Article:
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8 Examples of Materialism

Materialism is the idea that only physical matter exists. This is a basic type of world view that suggests that intangible things can be fully explained by physical realities. The following are illustrative examples of materialism.


Materialism is the philosophy that everything in life is physical such that existence is dictated by physical realities. This is the opposite of the philosophy of idealism that views existence as mentally or spiritually constructed. Between these two extremes is pragmatism that views some things as physical such as a door and other things as intangible such as an idea.


Materialism is associated with idea that the world is a machine that can be fully explained and predicted starting at the atomic level. This view was quite common amongst the scientific community in the 19th century before advancements in quantum physics made it clear that small particles aren't a deterministic machine but are rather a paradoxical world that is better explained by chaos theory and the laws of chance.


Medicalization is the process by which a problem that was once viewed as spiritual, behavioral or social becomes viewed as a medical problem with physical causes.


A materialist approach to history dismisses the role of ideas and knowledge in historical change and instead explains things in terms of physical realities such as production or climate.

Status Symbols

Status symbols are things that represent social traits such as wealth, coolness or intelligence. Where social status is usually a social process whereby individuals earn respect from others through social interaction, status symbols are an attempt to signal social status with a material possession. For example, a commuter who brings an intelligent book on the train in the morning to signal that he or she is intelligent to fellow passengers.


Materialism is traditionally associated with the pursuit of wealth as this was considered a physical thing. This takes on interesting dimensions due to the process of dematerialization whereby wealth is increasingly non-physical. For example, knowledge, talent, intellectual property, digital money, digital property, digital environments, digital media and software are all non-physical things that are an increasingly large component of wealth. In this context, materialists may take on a different role such as arguing that much of the wealth of the world is valueless because it isn't physical.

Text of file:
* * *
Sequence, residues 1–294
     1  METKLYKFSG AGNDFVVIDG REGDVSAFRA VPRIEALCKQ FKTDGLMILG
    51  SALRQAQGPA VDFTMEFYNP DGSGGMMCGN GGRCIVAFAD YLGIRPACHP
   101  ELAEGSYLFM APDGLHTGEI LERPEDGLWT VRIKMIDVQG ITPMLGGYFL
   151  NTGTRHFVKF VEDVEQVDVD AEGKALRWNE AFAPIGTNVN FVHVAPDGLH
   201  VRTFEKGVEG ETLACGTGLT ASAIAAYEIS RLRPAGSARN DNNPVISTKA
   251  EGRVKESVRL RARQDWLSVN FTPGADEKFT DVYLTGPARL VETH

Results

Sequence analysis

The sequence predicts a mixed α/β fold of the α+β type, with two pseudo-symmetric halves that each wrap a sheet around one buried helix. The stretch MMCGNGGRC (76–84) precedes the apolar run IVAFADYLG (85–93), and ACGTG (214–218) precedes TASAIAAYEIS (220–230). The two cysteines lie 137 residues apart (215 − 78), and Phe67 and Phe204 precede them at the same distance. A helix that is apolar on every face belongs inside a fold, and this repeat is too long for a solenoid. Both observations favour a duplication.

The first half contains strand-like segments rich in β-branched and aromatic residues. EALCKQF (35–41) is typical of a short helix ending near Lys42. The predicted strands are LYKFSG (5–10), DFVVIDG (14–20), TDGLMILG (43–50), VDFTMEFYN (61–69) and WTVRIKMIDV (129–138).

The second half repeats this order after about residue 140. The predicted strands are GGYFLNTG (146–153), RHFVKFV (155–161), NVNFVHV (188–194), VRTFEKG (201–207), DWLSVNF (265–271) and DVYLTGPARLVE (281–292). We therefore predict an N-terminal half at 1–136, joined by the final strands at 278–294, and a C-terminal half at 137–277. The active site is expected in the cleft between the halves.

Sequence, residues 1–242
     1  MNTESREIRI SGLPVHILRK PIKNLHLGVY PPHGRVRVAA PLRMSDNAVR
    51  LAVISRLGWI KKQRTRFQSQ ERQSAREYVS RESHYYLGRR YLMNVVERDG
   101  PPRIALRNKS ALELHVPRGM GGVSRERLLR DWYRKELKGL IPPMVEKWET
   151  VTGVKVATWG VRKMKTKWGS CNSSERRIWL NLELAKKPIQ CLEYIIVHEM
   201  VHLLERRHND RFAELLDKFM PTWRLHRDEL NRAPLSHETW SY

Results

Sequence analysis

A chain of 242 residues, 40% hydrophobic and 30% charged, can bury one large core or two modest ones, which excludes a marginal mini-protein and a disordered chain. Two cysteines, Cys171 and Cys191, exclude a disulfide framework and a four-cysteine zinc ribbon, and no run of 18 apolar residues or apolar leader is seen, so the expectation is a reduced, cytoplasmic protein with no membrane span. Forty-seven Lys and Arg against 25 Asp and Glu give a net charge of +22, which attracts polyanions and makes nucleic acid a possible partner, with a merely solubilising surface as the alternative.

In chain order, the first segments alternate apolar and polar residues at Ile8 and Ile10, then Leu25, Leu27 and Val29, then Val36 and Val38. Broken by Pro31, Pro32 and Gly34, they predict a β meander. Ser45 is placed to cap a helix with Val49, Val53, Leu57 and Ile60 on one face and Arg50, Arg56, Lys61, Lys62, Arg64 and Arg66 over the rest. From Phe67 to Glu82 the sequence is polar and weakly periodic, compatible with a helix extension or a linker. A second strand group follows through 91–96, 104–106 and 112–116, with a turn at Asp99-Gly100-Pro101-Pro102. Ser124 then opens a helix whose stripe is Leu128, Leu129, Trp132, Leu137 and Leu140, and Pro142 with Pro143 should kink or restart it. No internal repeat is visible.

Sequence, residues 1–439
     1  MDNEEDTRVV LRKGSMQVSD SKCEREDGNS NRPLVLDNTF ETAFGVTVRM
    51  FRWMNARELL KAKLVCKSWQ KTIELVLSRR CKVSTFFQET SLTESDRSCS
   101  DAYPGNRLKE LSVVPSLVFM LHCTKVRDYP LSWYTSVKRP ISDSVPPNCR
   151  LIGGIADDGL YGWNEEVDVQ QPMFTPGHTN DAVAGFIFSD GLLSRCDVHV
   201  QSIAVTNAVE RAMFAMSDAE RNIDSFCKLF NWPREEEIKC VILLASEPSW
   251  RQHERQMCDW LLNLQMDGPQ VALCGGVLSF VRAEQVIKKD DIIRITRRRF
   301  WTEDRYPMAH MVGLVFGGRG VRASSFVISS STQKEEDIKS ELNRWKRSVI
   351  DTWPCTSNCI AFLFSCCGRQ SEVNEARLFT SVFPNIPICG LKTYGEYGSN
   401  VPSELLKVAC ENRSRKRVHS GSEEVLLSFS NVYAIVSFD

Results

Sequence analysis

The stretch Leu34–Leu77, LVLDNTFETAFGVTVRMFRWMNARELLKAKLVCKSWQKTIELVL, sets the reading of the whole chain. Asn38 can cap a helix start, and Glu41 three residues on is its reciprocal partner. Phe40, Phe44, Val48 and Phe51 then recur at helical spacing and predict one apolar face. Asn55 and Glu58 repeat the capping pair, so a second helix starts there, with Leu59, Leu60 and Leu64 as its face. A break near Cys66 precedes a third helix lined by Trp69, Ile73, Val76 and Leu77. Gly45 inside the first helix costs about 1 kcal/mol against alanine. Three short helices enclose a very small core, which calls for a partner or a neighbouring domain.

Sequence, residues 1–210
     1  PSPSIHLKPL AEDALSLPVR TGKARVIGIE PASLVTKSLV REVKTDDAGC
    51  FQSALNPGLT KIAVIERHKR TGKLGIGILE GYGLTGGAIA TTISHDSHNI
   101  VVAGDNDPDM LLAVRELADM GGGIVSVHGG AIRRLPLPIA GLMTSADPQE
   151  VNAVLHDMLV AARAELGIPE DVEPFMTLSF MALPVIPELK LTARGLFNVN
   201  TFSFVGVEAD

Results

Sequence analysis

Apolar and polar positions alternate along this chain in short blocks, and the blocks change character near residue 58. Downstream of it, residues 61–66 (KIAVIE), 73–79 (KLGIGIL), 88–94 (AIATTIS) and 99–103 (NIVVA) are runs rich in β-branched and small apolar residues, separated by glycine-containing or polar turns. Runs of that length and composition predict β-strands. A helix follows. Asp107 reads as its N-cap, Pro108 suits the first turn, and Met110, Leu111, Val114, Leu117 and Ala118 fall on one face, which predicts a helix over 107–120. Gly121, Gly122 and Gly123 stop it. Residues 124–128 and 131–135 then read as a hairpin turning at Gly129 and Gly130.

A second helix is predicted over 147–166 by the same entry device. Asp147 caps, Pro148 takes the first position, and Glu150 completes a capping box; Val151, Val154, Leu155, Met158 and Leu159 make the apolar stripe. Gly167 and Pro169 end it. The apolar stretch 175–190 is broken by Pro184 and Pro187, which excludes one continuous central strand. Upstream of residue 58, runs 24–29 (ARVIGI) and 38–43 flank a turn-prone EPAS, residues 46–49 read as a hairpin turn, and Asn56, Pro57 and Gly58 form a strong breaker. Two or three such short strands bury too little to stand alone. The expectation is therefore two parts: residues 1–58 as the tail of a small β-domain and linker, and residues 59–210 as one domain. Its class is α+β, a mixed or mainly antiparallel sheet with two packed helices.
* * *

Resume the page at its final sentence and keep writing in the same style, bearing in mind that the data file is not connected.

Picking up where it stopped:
Commoditization of Experience

Materialism is associated with attempts to find happiness and self-fulfillment in products and services. In this view, happiness is sold on markets as packaged products, services and experiences such that it can simply be purchased. This can be contrasted with the view that happiness is completely intangible such that it is earned through positive behaviors such as discipline, introspection and kindness.

Commoditization of Identity

The commoditization of identity is when a person views a brand identity as an element of their own identity such that they view consumption as a self-fulfilling experience that expresses who they are as a person. This is viewed as materialist because it is the use of a physical thing, i.e. a product, to fix intangible problems, e.g. "I want to be admired."
Overview: Materialism
Definition (1)
The philosophy that only physical matter exists such that all intangible things can be explained by physical processes.
Definition (2)
A value system that prioritizes the attainment of physical things such as products over intangible things such as knowledge, relationships, culture, community, responsibilities, character, spirituality and the human experience.
Related Concepts


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Davies, Paul, and John Gribbin. The matter myth: Dramatic discoveries that challenge our understanding of physical reality. Simon and Schuster, 2007.
Ahuvia, Aaron C., and Nancy Y. Wong. "Personality and values based materialism: Their relationship and origins." Journal of consumer psychology 12.4 (2002): 389-402.
Foster, John Bellamy. Marx’s ecology: Materialism and nature. NYU Press, 2000.


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